One bite of the ocean catfish dish that follows, and I forget all about the prawn that preceded. This is the most succulent seafood meat I have sampled, and I learn the fish is found only in the north-east of Thailand and its taste is down to the fact it lives in mixed waters that makes the flaky fish marvellously tender and tasty.
The umami-amplified tiger prawn is my least favourite dish, perhaps because the strong, lingering taste and smell distracts my palate from the previous dish. This also comes with a spicy-sweet caramel mix and a tart red sauce. It all feels like a lot, save for the rice cake accompaniment, which is a chewy, heart-warming nibble amid the other, rather tumultuous flavours.
The tasting menu ends with a dish that’s at once familiar but foreign: a perfectly pink A5 striploin of Wagyu. The difference is this one’s local, too – and comes, not from Japan, but Sakon Nakhon province in Thailand.
The result? It looks like Wagyu, but does not have the greasy, “beefy” taste my palate associates with the meat. This is not necessarily a bad thing, but the lightness of the steak does take some getting used to. It’s served with beef liver pate, fried noodle and a chilli puree, all of which combine to give it a welcome heaviness and heartiness, and mark a fitting end to a masterful meal.
The ocean catfish and signature river prawn are close competitors, with khao kluk kapi edging out the former only because it’s a year-round item on the Le Du menu.
If you opt for the six-course tasting menu, get this hearty dish to share. The grilled Tapi River prawn comes with two types of black rice and a wholesome sauce made from tom yum kung and prawn head cream. Utterly indulgent.
Chef Ton says: “I believe this river prawn is better than lobster or any other crustacean in the world, which is why it’s always available at Le Du, and is my way of showcasing the integrity of Thai seafood to the world.”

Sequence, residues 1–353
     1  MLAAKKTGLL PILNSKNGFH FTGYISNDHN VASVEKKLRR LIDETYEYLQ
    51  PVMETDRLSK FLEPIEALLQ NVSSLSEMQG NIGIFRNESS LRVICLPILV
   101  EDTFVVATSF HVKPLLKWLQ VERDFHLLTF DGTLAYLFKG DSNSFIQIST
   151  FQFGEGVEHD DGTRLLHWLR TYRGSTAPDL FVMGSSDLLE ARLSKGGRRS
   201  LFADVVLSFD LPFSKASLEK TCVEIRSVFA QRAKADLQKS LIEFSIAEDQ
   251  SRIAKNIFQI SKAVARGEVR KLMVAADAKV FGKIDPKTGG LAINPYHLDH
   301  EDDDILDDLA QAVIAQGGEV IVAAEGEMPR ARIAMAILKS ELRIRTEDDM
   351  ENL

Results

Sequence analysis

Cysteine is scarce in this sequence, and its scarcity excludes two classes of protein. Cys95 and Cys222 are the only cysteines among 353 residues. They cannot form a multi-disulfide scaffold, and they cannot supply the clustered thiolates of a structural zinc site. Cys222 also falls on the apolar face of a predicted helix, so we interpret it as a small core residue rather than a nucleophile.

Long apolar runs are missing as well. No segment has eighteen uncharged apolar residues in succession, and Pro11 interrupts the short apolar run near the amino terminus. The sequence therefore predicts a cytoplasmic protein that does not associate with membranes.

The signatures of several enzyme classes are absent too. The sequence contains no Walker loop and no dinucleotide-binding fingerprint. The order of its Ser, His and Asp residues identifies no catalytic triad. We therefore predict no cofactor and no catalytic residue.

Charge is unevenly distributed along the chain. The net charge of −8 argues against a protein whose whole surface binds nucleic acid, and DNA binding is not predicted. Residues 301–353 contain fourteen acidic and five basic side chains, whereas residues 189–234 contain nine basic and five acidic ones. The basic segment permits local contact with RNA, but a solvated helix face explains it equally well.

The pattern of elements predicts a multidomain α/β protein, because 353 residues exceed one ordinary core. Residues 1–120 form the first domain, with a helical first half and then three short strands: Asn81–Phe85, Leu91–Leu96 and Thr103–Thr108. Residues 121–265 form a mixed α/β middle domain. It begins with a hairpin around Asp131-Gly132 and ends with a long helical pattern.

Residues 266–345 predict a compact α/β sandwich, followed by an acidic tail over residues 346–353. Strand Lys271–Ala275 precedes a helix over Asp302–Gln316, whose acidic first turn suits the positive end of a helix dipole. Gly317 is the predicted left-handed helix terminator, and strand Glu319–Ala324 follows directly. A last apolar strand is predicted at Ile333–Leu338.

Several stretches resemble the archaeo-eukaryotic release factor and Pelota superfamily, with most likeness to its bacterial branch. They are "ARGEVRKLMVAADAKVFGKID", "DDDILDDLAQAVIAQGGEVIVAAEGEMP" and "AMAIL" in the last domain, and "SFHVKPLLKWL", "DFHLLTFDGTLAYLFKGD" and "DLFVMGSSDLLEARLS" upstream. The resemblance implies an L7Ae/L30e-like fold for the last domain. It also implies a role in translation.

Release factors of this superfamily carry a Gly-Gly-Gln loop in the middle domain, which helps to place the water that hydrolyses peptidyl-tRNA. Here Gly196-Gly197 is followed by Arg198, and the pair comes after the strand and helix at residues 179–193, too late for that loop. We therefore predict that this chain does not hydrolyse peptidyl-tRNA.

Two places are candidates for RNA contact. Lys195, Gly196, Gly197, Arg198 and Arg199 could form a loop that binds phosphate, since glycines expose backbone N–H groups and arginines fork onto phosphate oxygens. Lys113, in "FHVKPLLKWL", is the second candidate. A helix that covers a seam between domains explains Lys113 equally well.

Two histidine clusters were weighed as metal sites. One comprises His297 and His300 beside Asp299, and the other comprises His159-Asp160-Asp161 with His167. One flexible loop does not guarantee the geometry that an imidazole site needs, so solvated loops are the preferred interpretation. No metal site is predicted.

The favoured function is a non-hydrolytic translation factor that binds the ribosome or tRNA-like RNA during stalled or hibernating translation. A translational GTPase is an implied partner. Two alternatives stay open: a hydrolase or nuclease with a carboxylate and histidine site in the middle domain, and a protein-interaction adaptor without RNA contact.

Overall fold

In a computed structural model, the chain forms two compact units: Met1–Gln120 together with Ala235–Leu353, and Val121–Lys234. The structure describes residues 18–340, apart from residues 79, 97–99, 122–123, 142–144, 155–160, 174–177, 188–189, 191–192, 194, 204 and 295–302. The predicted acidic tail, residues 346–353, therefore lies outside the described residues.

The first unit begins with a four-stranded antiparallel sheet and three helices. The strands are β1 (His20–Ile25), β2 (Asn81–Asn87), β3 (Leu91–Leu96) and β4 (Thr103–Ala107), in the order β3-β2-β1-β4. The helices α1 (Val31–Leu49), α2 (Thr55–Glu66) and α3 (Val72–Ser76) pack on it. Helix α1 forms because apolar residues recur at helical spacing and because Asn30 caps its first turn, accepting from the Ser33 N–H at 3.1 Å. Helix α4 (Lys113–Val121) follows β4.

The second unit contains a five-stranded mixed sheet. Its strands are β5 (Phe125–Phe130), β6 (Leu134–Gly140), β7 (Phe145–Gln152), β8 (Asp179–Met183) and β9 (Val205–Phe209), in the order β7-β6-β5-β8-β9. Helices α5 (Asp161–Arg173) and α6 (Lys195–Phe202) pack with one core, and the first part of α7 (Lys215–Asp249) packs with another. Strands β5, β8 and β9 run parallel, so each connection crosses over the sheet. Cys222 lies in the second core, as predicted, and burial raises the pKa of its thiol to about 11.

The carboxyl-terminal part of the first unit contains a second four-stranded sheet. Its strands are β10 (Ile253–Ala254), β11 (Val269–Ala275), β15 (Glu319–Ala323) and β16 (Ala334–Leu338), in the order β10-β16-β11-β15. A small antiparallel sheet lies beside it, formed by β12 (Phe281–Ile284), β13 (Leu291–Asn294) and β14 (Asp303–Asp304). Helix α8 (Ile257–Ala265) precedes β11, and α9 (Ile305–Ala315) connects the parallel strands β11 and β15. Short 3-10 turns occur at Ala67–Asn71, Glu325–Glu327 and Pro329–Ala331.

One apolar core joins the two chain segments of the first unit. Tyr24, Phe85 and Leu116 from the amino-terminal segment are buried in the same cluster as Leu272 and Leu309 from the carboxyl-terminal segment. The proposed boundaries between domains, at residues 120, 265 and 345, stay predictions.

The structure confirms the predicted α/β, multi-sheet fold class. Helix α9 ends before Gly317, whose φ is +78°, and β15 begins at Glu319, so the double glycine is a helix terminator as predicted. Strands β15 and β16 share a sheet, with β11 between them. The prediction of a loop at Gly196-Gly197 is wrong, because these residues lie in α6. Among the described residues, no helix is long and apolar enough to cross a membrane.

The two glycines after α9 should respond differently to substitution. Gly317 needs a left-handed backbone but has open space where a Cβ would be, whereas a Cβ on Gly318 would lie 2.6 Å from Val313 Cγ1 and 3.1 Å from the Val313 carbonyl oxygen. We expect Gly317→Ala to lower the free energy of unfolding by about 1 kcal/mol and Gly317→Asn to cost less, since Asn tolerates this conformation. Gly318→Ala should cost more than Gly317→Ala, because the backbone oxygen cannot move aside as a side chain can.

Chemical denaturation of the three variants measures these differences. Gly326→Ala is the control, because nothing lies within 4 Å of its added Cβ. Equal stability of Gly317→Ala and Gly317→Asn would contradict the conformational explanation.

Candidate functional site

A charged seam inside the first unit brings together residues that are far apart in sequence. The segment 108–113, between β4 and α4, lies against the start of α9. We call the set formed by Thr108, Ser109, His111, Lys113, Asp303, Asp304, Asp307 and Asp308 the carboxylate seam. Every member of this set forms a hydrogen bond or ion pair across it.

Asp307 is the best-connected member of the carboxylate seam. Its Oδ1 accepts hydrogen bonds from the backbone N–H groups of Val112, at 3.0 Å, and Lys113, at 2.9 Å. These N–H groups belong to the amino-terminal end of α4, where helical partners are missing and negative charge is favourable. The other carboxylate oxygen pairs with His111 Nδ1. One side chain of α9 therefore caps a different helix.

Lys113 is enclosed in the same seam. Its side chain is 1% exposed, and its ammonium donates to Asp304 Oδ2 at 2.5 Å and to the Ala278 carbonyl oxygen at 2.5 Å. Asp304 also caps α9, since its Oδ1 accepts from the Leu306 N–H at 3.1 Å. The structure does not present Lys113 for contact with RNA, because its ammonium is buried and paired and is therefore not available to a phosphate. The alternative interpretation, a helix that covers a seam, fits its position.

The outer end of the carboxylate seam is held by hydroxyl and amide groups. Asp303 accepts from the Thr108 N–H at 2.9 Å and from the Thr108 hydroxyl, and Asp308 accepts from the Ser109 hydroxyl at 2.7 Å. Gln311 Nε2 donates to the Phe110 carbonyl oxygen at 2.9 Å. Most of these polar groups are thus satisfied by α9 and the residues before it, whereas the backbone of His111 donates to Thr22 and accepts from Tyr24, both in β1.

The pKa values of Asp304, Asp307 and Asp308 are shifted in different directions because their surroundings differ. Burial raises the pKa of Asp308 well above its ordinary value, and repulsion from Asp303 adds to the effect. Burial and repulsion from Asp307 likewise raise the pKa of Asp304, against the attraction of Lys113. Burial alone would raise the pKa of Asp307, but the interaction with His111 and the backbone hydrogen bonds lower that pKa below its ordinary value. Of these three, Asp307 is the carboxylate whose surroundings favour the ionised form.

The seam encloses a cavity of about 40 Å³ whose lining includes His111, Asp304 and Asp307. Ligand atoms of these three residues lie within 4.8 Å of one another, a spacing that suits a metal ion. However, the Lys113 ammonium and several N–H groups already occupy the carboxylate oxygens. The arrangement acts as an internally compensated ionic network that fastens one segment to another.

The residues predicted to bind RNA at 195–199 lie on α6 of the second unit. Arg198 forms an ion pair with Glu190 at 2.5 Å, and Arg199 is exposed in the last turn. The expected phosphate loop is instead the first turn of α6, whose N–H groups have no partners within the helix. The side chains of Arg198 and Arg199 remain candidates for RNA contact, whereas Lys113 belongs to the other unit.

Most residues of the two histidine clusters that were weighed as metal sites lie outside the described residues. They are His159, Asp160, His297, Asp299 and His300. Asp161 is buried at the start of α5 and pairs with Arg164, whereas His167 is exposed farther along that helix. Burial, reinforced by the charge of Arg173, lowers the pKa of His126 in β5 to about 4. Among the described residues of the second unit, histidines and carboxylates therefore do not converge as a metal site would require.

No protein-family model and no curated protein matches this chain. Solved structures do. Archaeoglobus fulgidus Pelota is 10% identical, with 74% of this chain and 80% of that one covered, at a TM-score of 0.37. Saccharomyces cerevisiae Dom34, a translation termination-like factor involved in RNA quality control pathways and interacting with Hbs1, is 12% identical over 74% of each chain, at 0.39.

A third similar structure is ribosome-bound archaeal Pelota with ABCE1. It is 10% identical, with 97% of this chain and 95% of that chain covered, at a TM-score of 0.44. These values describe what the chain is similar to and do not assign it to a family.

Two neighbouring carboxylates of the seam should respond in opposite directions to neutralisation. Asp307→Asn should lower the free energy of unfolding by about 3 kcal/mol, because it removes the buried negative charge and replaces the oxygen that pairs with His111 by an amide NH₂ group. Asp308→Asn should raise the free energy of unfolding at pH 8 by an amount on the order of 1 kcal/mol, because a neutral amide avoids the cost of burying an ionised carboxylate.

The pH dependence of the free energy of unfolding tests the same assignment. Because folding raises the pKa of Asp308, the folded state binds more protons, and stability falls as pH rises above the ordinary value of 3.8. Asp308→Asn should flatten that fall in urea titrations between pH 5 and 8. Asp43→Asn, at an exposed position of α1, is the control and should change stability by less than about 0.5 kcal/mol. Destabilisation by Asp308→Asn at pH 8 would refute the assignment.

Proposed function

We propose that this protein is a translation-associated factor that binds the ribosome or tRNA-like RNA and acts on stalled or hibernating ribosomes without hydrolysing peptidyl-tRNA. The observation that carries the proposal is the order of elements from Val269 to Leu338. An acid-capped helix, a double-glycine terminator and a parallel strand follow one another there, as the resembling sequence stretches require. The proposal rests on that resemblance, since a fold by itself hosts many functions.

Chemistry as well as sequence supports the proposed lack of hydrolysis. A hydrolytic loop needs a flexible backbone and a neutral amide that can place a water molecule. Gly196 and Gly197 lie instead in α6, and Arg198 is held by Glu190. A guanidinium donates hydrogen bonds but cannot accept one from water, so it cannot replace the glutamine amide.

A chat with the chef
Chef Ton is an economics graduate. “Even though it was my grandmum whose cooking inspired me to become a chef, my family was always against the restaurant business. After graduating, I worked in a bank for exactly one month and realised this is not for me. So I told my mom, I am going to New York [to study at The Culinary Institute of America]; I hope you accept it, but I am going anyway.”
Having worked at Michelin-starred restaurants including Eleven Madison Park and Jean Georges, Ton returned to his native Bangkok and launched Le Du a decade ago. Appreciation and accolades soon followed. Before winning top honours on Asia’s 50 Best Restaurants list, Le Du went from spot 37 in 2017 to fourth place last year. The restaurant has also retained its Michelin star since 2018.
As the chef notes: “My family are happy now!”
Price point and contact details
The six-course tasting menu costs from 4,500 baht, with an added six-glass kombucha pairing for 1,000 baht. A four-course menu is available for 3,900 baht.
Le Du is open for lunch and dinner every day except Sunday. Reservations can be made at www.ledubkk.com.
This review was conducted at the invitation of the restaurant